TIPS TIPS offer investors another U.S. Treasury-issued inflation-protection option. Unlike I Bonds, where the Treasury sets the fixed rate, the guaranteed rate on TIPS is established by the marketplace at the Treasury’s TIPS auctions. Since they are a marketable security, we have more investment options available to us with TIPS than we do with I Bonds: • Purchasing TIPS at the Treasury auctions • Purchasing TIPS in the secondary market • Investing in a TIPS fund, such as Vanguard’s VIPSX or Fidelity’s FINPX

If you’re looking for guaranteed inflation protection from TIPS, with no risk of principal, buying your TIPS at the Treasury auction and holding them to maturity would be your best choice, since there’s always the risk of some loss of principal with the other two options. For many investors, however, the flexibility and benefits of a TIPS mutual fund more than offset the risk of possible loss of principal, just as it does with any other bond mutual fund. Location, Location, Location TIPS-guaranteed rates are usually higher than I Bond fixed rates. Therefore, if you have room for them in your tax-deferred account, that’s where they should go, because you’d get tax-deferred inflation protection without risking principal. This assumes that you purchase them at auction and

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59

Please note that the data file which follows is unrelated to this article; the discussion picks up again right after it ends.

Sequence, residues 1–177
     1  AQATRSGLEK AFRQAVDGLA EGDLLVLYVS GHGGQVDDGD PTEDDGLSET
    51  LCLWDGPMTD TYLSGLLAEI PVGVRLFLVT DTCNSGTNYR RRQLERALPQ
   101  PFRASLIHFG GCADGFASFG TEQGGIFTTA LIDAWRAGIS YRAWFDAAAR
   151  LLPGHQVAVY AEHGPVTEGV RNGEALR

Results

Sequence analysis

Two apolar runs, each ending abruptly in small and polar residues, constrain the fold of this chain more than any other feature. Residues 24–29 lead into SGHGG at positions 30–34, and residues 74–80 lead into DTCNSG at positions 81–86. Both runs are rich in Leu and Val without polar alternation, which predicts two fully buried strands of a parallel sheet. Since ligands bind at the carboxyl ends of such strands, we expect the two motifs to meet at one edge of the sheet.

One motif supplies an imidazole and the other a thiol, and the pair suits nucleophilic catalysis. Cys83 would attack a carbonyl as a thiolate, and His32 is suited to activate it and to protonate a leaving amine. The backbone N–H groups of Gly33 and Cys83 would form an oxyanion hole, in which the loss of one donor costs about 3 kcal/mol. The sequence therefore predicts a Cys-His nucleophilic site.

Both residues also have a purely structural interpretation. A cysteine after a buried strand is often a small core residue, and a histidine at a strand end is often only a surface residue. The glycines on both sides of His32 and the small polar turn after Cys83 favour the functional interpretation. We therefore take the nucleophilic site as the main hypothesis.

hold them to maturity. If you buy or sell TIPS in the secondary market, you may get back more or less than you paid. What if you don’t have enough room for TIPS in your tax-deferred account? If your tax bracket is low, and the difference between the TIPS guaranteed rate and the I Bond fixed rate is large enough, it’s possible that placing the TIPS in your taxable account might provide a slightly higher yield than would a lower-yielding I Bond. When you own TIPS in your taxable account, the major downside is that you have to deal with the issue of paying annual taxes on some income that you won’t receive until maturity. That’s why it’s called phantom income. On the plus side, though, if you live in a state with a high income tax, the interest from TIPS in a taxable account isn’t subject to state and local taxes, whereas it may be subject to your state’s income tax upon withdrawal from a tax-deferred account. Therefore, you’ll have to work that into the equation. Remember, with TIPS, you only receive the fixed-rate portion of the yield on the inflation-adjusted par value on a semiannual basis. The inflation adjustment gets applied to your TIPS principal, but you won’t receive that until the bond matures. Therefore, the higher the rate of inflation, and the higher your tax bracket, the more taxes you’ll be paying on both the income portion that you actually do receive, and on the inflationadjusted portion that you haven’t received. And, when fixed rates on TIPS are low, it’s even conceivable that you could owe more in taxes than you receive in interest payments in a year when inflation is very high, especially if you’re in a higher tax bracket. In Table 5.6, we compare a 1 percent fixed-rate $1,000 tax-deferred I Bond to a 1.5 percent fixed-rate $1,000 10-year TIPS, purchased at auction and held to maturity in a taxable account. We use a 4 percent inflation rate. As we can see in Table 5.6, the taxable 1.5 percent TIPS outperform the tax-deferred 1 percent I Bond in every tax bracket. The margins of victory for the TIPS range from $8 to $37 after 10 years. Cautions for Investing in TIPS There are a few caveats to the comparison in Table 5.6. First, if you had used a broker to purchase the TIPS for you, rather than purchasing it yourself at auction, then the TIPS might have actually underperformed the I Bond, once you factor in the broker’s fee. Additionally, the TIPS figures assume that after paying your annual taxes, you can then reinvest the remainder of the semiannual interest payments you received in another investment that earns the same real rate of